Habeas Corpus is such a fundamental institution in the American justice system that it can be hard for the average citizen to contemplate that it could be taken away. But it can, and for Supreme Court Justice Antonin Scalia, the requirement that it be extended to an innocent man is not so obvious.
Floyd Perkins was convicted of murder and sentenced to life in prison in 1993 for the stabbing of another man, Damarr Jones, after a party in Flint, Michigan. Perkins exhausted his appeals in 1997 and as such, has been in prison since that time. But over the course of the years following, Perkins accumulated affidavits from individuals that could have cast doubt on his conviction. The affidavits implicated the involvement of a third party in the murder, which, if true, could have undermined Perkins’s guilt. However, Perkins failed to come forward with the affidavits before the statutorily established deadline of one year.
Perkins’s guilt was reaffirmed after being heard by a habeas court, but the question of whether the one year provision of the Antiterrorism and Effective Death Penalty Act (AEDPA) should serve as an effective bar, preventing the case from review was the wrung from which Scalia chose to hang his dissent.
Finding better allies in the argument that denying the innocent a habeas review serves judicial economy. Commenting on the majority’s decision to uphold the hearing of Perkins’s plea, Scalia argued, “From now on, each time an untimely petitioner claims innocence – and how many prisoners asking to be let out of jail do not? – the district court will be obligated to expend limited judicial resources wading into the murky merits of the petitioner’s innocence claim.”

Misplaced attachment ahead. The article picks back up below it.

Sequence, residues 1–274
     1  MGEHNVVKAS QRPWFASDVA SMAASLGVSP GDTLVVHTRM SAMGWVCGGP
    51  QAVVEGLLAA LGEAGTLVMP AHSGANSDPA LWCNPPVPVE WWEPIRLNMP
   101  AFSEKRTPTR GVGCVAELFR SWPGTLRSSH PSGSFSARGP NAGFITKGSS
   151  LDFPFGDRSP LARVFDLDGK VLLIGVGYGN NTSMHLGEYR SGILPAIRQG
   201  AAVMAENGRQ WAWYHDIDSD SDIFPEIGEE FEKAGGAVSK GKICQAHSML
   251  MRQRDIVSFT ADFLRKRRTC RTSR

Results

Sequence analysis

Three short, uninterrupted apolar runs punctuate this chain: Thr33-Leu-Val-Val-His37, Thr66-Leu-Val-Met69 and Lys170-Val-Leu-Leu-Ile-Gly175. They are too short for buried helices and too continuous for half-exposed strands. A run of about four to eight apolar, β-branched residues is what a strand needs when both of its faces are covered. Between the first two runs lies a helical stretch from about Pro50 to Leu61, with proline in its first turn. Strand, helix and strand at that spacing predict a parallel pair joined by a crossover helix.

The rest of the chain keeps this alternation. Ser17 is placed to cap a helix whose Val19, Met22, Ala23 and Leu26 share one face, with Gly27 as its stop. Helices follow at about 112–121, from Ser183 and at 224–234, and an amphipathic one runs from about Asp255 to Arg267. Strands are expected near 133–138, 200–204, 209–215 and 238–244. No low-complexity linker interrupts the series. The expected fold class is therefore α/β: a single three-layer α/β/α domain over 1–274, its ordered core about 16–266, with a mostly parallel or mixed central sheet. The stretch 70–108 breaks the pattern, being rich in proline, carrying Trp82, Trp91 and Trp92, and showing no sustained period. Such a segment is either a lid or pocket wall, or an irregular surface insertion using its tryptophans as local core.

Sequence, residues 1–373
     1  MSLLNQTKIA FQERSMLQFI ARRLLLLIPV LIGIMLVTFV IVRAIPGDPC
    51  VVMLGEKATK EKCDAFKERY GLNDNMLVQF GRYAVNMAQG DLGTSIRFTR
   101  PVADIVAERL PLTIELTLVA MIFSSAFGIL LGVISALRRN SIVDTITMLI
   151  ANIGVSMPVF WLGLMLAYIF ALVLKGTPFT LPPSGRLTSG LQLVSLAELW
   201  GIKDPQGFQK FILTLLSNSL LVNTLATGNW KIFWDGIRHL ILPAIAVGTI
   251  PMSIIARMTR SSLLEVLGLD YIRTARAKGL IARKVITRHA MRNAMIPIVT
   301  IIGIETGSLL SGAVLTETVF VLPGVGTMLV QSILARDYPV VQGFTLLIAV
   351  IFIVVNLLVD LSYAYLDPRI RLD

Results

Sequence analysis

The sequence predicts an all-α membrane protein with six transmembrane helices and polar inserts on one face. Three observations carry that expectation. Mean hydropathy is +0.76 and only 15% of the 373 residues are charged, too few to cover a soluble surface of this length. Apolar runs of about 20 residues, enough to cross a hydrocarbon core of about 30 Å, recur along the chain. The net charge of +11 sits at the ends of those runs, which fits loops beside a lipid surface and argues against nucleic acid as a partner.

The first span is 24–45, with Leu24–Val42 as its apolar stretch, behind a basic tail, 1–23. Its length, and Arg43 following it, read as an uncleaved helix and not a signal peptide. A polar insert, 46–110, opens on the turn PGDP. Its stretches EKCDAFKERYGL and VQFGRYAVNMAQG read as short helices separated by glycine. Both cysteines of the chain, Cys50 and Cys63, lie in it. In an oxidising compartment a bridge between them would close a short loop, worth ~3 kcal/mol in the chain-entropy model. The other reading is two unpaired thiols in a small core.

Continuing, Scalia seemed bound to the letter of law, despite its apparent valuation of economy over life and at the peril of continuing the devilish and dangerous practice of imprisoning the innocent to guarantee the capture of the guilty.
“It has now been 60 years since… we struck the Faustian bargain…,” and began probing the merits of habeas claims. Scalia argues that the situation is too far gone, no sense in turning back now, forgetting the lesson of Faust that no matter how far one has gone down the wrong path, one is never so far gone as they cannot turn back.
Joshua is a writer and researcher with Ring of Fire.